4) My closet:
I've never had such a great closet before, not in the two apartments, small house, and then townhouse we lived in before. It's a walk-in, and this is my side of it. Not the most organized, but hey, it's got room, and I love it.
5) The laundry pile:
Not too bad today. The basket on the right is even empty. Be impressed.
6) What my kids are doing right now and
7) My favorite room:
Actually, this is my second favorite room, because my new office just earned the "favorite" title. But I'm not posting that here; it deserves its own post! So here's our great room, somewhat cluttered, right before dinner. This is the thing that sold me on this floor plan in the first place: it's big, it's roomy, and there's lots of gathering space for the family. And I got my dream cupboards. Aren't they gorgeous?! The kids are at the table waiting for me to stop snapping pictures so they can eat already.
The blinds are all closed, because when they're open, there's too much glare for a picture. There's a stray "Happy Birthday" balloon at the top of the cupboards. Ignore that. But take a look at the left side. See that rocking chair (yeah, the thing with the skee-wampus cushion)? That's the same rocking chair I was rocked in as a baby, and I rocked all of mine in it too.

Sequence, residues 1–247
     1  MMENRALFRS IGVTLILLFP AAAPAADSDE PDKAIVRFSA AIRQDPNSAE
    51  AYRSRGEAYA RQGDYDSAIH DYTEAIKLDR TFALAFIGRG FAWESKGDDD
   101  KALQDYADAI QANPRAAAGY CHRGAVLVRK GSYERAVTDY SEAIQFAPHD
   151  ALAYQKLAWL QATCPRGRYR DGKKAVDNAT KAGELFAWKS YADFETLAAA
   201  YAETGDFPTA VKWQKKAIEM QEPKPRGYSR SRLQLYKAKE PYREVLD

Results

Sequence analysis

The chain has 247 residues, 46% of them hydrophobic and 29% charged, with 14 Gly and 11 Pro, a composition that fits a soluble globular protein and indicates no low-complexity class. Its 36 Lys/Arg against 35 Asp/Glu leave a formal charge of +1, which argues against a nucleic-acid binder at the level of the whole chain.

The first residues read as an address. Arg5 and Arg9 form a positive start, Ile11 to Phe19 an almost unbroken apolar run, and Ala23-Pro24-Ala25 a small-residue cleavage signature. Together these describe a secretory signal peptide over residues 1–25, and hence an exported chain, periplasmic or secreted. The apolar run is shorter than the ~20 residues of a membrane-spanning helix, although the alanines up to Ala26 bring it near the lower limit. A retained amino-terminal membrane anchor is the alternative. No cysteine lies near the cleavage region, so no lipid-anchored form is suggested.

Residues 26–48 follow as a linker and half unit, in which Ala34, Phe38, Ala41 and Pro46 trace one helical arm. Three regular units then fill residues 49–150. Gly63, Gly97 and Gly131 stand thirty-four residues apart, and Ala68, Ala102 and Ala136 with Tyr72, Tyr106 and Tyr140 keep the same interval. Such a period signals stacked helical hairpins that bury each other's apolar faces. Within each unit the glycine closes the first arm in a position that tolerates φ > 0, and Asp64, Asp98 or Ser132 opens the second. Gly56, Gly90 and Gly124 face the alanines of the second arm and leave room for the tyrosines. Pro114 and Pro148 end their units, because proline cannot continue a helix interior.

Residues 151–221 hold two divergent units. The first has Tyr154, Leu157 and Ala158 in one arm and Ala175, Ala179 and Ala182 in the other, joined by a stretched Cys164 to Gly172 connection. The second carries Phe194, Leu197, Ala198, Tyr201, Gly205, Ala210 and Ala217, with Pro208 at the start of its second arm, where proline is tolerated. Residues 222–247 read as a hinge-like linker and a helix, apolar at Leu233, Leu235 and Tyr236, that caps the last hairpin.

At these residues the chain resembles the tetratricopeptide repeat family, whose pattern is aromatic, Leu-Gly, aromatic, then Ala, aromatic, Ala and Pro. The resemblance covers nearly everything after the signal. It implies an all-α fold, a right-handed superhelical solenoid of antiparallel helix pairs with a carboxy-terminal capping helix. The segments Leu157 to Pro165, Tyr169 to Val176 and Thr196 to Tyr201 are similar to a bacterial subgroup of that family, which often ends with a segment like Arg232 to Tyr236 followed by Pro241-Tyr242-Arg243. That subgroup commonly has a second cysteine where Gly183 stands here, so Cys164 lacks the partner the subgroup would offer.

8) My most recent purchase:
I'm assuming this doesn't mean shampoo and apples at the grocery store. This is the runner rug in my new office. (I promise, I promise. More pictures forthcoming in their own post!) I think the rug is bea-u-ti-ful. And it was even on sale. Boo-yah.
9) My fantasy vacation:
I actually have two. In college, I wanted, oh so bad, to go on BYU's London semester abroad. But alas, I didn't get to walk where the Brontes walked or see the Globe Theater or any of that stuff.
The other is (no surprise to my long-time readers) a trip through LM Montgomery-land, including her homes in Norval, Leaskdale, and Toronto where she did most of her writing. (This is the Leaskdale manse where she lived for several years.)
Scary. I have no words.
As for the tagging:
Don, because I haven't seen a guy do this one yet.
And Jenna, because I want to see her pictures.
Monday, July 07, 2008
A moment ago, I printed out all the names of the commenters on the last post, folded them up, and threw them in a bowl. My girls fought over who got to pick the name out, but eventually peace reigned, and we have a winner: